Climate Helped Bring Angkor to Its Knees
Throughout written history there have been many abrupt ends to empires and civilizations that have little explanation. Political climates deteriorate, passions rise, revolts happen and the next thing you know--the culture is a thing of the past relegated to a short chapter in a textbook.
The natural world leaves a record in the form of tree rings, which can be read like a very detailed book, covering a long period of human history. Now a team of researchers has correlated the demise of Angkor, the capitol of the Khmer Empire in Cambodia, with a decades-long drought interspersed with intense monsoons in the 14th and 15th centuries.
Brendan Buckley of Lamont-Doherty Earth Observatory of Columbia University and his colleagues have put together a high-resolution record of periods of drought and moisture in Southeast Asia that is over three quarters of a millennium long from 1250 to 2008 AD. Their research was funded by the National Science Foundation's Paleoclimate Program, which is part of the directorate for geosciences.
Just as satellite photos do--large sets of information like this tree ring data bring into focus patterns and phenomena that are larger than one lifetime. In fact they are on the scale of civilizations.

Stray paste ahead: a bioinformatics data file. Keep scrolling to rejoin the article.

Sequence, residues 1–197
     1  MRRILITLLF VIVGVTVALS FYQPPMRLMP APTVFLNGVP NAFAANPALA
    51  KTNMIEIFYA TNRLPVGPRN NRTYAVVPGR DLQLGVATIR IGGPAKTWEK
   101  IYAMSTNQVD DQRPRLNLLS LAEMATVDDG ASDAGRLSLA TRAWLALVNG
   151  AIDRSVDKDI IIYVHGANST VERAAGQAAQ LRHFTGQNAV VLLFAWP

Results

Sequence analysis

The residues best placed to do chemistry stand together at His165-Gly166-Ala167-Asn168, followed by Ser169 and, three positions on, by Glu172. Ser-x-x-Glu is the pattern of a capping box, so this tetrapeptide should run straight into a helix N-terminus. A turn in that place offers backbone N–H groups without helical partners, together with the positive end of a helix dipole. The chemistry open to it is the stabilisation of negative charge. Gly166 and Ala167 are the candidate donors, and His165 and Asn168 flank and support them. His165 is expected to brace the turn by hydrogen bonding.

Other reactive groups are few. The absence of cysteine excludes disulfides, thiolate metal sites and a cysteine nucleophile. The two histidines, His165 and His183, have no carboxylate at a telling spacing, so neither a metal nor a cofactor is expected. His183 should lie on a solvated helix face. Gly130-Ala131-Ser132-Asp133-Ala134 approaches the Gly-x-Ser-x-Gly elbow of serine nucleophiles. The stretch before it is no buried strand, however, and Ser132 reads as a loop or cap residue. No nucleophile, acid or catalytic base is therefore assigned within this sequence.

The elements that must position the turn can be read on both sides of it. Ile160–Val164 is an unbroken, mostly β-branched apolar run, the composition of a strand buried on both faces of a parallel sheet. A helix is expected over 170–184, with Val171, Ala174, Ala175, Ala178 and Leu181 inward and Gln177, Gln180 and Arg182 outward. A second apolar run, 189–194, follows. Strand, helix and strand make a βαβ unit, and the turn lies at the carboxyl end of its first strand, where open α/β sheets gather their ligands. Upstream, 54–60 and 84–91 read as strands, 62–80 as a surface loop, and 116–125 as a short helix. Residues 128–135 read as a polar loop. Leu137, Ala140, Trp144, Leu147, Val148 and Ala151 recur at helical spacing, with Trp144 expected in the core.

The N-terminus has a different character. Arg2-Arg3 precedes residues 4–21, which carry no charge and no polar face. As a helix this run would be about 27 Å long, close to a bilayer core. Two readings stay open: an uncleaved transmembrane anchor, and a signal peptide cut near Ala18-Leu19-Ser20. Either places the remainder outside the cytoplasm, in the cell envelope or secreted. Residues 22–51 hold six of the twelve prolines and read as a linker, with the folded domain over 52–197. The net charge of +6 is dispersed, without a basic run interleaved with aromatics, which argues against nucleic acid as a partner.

A look at tree ring data, and an analysis of rain, drought and temperature can show a remarkable link from climate in the environment to climate in the king's court. And this has been shown to be true for the enigmatic demise of Angkor, an empire that stood strong from the 9th to 13th centuries.
Angkor was a city that relied heavily on water. The National Science Foundation-funded work of Buckley and his colleagues reveals that the mid- to late 1300's experienced persistently dry conditions that spanned decades, followed by several years of severe wetness that may have caused damage to the city's infrastructure. Afterwards, a shorter but more severe drought in the early 1400's may have been more than this urban complex could handle.
Bringing insights such as these into focus in the 21st century, there is a sense of urgency in interpreting what the natural world is telling us. The very cypress trees (Fokienia hodginsii) that allow the long-range glimpse backwards are becoming more and more rare as their wood is harvested for the illicit timber trade. The highlands of Vietnam and Laos are home to some of the region's most diverse biota, and are under threat of over-exploitation.
Text above is courtesy of the National Science Foundation